Mobilizing greater global investment in gender equality and women’s empowerment
Date: Friday, April 17, 2015
To mobilize global leaders to increase the scale and scope of funding for gender equality commitments, UN Women, together with the Permanent Missions of Mexico and Sweden, the Organisation for Economic Co-operation and Development (OECD), and the Women’s Working Group on Financing for Development, co-hosted a side event on “Transformative financing for gender equality and women’s empowerment: Expectations from the Financing for Development process” on 16 April in New York.
The side event was timed as Member States met for a second time to consult and work out the outcome document of the Third International Conference on Financing for Development to be held in Addis Ababa, Ethiopia in July of this year. The much-anticipated meeting is an historic opportunity to endorse a comprehensive global financing framework for gender equality and women’s empowerment.
Financing will furthermore be central to implementing and achieving all of the proposed sustainable development goals. Therefore, the negotiated outcome adopted in July will play an instrumental role in paving the way for an ambitious new post-2015 development agenda, which will be cemented at a high-level summit in September.
“The ambitions of the post-2015 development agenda will only be met if we can achieve transformative financing, both in scale and scope, from all sources and at all levels,” stressed UN Women Executive Director Phumzile Mlambo-Ngcuka, in her opening address. “This must be reflected in a strong call to action that will galvanize support to finance new and existing gender equality commitments in all countries, at all levels of development and in all situations.”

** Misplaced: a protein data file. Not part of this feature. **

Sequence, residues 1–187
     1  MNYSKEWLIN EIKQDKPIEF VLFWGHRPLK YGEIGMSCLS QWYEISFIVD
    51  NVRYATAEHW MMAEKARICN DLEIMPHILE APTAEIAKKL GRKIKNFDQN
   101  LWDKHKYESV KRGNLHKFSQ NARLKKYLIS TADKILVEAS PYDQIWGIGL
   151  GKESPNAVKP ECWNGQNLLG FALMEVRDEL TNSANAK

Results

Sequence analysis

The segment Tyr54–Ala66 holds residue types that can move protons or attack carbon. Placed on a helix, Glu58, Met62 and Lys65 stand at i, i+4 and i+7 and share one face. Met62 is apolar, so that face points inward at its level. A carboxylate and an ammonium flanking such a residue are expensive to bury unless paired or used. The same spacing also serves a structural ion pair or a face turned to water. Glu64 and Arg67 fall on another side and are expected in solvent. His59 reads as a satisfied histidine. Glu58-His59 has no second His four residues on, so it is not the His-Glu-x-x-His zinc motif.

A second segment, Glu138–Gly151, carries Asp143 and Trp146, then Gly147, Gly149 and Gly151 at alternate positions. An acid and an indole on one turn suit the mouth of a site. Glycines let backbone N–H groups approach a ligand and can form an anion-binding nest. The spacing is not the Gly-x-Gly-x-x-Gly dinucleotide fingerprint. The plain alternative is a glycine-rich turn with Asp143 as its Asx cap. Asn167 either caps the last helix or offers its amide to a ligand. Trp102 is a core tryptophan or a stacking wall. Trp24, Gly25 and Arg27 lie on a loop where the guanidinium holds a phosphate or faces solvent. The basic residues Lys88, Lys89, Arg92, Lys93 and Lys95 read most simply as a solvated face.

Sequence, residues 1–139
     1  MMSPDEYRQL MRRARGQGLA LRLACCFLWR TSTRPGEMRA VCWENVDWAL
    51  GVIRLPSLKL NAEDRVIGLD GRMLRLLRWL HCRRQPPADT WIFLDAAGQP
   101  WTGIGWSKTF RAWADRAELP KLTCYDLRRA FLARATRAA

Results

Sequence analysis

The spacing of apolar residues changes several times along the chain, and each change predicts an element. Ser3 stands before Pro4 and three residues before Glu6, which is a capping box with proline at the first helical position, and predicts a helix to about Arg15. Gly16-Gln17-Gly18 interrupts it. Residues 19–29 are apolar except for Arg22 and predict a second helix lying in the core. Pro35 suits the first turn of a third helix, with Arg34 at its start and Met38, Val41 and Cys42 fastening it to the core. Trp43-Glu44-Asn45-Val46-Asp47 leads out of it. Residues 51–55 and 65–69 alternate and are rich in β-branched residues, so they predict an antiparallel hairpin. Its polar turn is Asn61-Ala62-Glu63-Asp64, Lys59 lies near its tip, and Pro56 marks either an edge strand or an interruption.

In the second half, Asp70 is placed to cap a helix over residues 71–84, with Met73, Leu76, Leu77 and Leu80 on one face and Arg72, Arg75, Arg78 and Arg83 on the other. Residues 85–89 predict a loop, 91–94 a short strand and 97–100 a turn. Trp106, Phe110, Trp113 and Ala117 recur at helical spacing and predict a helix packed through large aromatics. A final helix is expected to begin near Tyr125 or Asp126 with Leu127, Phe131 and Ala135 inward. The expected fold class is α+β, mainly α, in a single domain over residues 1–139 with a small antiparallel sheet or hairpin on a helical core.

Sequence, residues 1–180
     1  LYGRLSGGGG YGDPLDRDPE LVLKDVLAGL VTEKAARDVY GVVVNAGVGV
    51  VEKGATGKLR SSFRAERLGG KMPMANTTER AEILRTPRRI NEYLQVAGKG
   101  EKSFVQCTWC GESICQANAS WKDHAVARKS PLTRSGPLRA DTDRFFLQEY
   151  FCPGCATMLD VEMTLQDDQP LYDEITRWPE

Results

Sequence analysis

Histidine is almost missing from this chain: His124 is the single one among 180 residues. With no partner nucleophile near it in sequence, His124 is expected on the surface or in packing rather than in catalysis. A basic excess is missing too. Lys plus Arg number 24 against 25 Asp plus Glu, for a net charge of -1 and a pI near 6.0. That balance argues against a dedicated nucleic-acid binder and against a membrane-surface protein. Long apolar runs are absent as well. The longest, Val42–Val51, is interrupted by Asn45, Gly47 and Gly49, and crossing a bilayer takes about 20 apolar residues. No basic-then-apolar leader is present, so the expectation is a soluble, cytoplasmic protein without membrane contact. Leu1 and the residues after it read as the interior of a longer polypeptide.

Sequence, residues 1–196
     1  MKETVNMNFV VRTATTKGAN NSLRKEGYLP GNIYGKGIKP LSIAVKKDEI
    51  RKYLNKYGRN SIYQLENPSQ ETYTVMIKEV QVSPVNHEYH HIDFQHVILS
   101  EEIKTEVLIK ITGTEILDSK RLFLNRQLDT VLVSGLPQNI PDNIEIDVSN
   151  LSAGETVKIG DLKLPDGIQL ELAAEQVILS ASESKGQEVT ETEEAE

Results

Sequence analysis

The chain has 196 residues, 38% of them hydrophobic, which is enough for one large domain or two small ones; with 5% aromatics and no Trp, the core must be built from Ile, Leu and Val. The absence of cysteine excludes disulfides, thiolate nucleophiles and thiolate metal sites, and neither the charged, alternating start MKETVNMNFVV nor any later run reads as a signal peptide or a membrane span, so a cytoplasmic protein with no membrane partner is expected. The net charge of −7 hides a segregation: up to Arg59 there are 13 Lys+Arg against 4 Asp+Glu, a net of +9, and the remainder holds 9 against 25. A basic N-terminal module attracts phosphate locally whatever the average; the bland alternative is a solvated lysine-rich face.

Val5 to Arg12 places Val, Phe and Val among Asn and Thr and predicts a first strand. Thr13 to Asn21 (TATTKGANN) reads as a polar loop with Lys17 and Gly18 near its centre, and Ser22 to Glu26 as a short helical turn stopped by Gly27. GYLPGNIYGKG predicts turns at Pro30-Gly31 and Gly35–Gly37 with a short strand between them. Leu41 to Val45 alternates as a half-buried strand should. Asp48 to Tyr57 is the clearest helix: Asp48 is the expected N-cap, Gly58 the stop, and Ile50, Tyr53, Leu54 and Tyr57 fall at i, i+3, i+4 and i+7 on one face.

The side event, therefore, brought together governments, donors, civil society and private sector representatives to share evidence and lessons learned in support of investing in gender equality and women’s empowerment and to strategize jointly about specific priorities and recommendations for the global financing framework.
“We need to examine changes in the way funding is allocated, and how much more we, as countries, can allocate,” said H.E. Lana Nusseibeh, Permanent Representative of the United Arab Emirates. “We need to realize that supporting gender equality and women empowerment and recognizing that helping countries overseas impacts and benefits our own nations too. […] We have fallen short on many pledges. It is now critical that we raise commitments and the diversity of funding resources and to direct these where they are needed the most.”
Also speaking on the panel, the Permanent Representative of Brazil stressed the importance of promoting gender equality for reducing inequality overall, while the Permanent Representative of Ethiopia emphasized the need to find ways to use private sector finance as a resource.
Development experts have long pointed to a chronic underinvestment in gender equality. According to OECD data, only 2 per cent of bilateral aid going to women’s economic empowerment in 2013 targeted gender equality as a principal objective, and commitments in this area as a share of total bilateral aid to economic and productive sectors have remained flat since 2007/2008.
This year, in the Political Declaration of the 59th UN Commission on the Status of Women, States pledged to take concrete actions to ensure the full, effective and accelerated implementation of the Platform through significantly increased investments to close the resource gaps which hinder the achievement of gender equality. However, embracing this commitment will require unprecedented levels of financing and robust partnerships. So the global push is on to ensure real commitments – not only at the political level but through dedicated funding.
“We need to dig deeper into the idea of transformative financing,” said Nicole Bidegain, a civil society representative of the Women’s Working Group on Financing for Development, in her closing remarks. She called for progressive taxation and investment in social protection floors, emphasis on women’s economic rights, and a stronger focus on systemic issues. “We need to bring this to reality, with a commitment in scale and scope, and to deliver dedicated resources in all sectors.”
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